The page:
Physicians may face a significant decrease in Medicare payments for certain services for the second year in a row. The Centers for Medicare & Medicaid Services (CMS) has again proposed to cut Medicare payments for services provided at non-excepted, off-campus provider based departments (PBDs). The proposed rule would slash Medicare payments for non-excepted PBDs by half, reducing them from 50% of the Outpatient Prospective Payment System (OPPS) to 25% for the 2018 calendar year. This may come as a surprise to many physicians, who likely were not expecting such a dramatic cut for the second straight year. However, the proposed rule is in line with CMS’s continued goal to limit the expansion of provider-based billing.
CMS drastically changed the rules regarding provider-based billing effective January 1, 2017. Certain items and services furnished by certain off-campus outpatient departments are no longer considered CMS-covered outpatient services for purposes of payment under the OPPS. The payment schedule for these services was reduced to 50% of the OPPS rates for the 2017 calendar year, and is now likely to be reduced to 25% in 2018. However, the proposed rule for the 2018 calendar year still allows an off-campus PBD that provided covered services under the OPPS prior to November 2, 2015 to have “excepted” status and continue to bill for such services under the OPPS. Dedicated emergency departments and PBDs located “on campus” or within 250 yards of a hospital or remote location of a hospital also continue to have excepted status.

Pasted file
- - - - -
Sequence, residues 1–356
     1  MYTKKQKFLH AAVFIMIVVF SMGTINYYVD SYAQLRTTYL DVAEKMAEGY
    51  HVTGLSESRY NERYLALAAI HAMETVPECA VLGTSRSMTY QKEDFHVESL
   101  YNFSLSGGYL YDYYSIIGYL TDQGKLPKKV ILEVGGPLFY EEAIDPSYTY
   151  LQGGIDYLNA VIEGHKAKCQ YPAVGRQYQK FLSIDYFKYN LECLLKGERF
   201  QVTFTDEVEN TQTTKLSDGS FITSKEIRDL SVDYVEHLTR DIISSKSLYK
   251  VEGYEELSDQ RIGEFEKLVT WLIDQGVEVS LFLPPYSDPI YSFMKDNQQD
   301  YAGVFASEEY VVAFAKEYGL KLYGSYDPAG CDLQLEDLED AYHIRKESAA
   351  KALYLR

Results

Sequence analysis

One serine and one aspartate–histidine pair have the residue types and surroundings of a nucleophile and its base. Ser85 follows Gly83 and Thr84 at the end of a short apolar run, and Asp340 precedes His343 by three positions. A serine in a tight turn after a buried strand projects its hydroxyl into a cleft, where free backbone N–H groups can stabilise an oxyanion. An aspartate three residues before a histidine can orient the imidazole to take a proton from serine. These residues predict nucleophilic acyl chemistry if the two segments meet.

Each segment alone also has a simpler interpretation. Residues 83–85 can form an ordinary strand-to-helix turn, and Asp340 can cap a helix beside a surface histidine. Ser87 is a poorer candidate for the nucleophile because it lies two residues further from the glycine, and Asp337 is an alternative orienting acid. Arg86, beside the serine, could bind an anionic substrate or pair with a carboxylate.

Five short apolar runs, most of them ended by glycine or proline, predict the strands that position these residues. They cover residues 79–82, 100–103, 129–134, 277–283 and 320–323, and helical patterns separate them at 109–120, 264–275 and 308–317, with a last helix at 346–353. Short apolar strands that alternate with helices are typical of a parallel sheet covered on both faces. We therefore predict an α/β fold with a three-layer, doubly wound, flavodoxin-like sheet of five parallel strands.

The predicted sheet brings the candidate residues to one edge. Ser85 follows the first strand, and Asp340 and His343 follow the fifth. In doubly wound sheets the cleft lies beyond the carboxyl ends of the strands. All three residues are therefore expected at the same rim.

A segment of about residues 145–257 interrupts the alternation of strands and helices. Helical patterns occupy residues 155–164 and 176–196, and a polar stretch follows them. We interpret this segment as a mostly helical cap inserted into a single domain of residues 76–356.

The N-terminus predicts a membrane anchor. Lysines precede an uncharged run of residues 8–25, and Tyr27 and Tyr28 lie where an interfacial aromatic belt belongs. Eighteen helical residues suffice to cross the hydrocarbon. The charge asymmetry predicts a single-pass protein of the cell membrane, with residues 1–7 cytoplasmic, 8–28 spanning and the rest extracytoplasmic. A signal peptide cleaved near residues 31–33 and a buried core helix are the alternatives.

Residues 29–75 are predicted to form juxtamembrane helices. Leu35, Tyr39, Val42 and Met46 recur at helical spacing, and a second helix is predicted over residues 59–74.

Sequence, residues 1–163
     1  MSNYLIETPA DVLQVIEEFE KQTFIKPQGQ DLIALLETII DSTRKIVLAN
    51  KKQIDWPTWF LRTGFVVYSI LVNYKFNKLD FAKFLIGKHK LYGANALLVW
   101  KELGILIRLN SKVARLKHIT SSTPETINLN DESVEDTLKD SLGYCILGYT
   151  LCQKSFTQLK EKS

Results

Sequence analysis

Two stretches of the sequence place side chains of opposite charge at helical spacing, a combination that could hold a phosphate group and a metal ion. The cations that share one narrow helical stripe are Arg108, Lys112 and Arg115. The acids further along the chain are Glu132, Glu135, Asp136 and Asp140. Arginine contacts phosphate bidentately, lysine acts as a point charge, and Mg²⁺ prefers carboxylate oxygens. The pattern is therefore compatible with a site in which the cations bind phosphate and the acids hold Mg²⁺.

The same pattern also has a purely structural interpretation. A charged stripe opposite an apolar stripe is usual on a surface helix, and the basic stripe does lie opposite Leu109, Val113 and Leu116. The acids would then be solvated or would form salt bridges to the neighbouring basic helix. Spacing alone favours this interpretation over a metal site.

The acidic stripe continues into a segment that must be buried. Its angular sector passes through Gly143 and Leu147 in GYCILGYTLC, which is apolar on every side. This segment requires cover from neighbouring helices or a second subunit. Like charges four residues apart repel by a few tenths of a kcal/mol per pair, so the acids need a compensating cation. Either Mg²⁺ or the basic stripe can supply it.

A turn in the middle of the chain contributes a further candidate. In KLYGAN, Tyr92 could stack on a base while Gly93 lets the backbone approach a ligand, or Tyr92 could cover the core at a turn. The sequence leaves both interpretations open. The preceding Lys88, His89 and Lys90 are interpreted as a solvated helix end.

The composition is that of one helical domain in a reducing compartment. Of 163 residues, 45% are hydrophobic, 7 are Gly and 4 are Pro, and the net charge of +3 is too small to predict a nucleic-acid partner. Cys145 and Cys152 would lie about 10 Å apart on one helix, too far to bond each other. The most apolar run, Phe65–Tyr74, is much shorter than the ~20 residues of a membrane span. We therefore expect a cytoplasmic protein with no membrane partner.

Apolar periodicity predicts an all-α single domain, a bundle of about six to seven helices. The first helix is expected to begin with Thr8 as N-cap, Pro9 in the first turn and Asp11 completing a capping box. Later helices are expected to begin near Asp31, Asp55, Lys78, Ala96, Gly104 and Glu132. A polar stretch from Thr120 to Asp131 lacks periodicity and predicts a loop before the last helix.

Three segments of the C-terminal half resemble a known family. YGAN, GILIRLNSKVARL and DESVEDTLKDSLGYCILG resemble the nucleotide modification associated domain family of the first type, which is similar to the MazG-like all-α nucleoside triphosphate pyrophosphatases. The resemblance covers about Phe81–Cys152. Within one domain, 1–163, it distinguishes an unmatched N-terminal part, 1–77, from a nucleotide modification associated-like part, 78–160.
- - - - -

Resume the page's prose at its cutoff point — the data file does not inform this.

CMS’s original 2017 proposal stated that services added and billed for after November 2, 2015 would not be eligible for payment under the OPPS. However, in its final 2017 rule, CMS did not finalize this limitation on the expansion of service lines. An excepted off-campus PBD will continue to receive payments under the OPPS for all applicable items and services, regardless of whether it furnished such items and services prior to November 2, 2015. The excepted off-campus PBD must simply retain its excepted status through its location. While physicians will still be able to bill at 100% of the OPPS for facilities with “excepted” status, the 2018 proposed rule will only be a further disincentive for hospitals and physicians to open new PBDs which will not have excepted status.
Physicians may be happy to learn that a reduction from 50% to 25% of OPPS rates is not a certainty. CMS is requesting provider feedback on this payment rate reduction, even suggesting in its proposed rule that a reduction to 40% may be more appropriate as a middle ground between 2017 rates and its proposal. While it would still be a significant reduction, a cut to 40% would not be as detrimental to physicians. However, this will not be the last time these rates change. CMS has indicated that it may change the rates year to year, making it difficult for physicians and hospitals to budget Medicare revenue for their non-excepted PBDs.
Laura Fryan and Joseph Bucaro are associate attorneys in the Health Care Practice Group of Brouse McDowell in Akron, OH.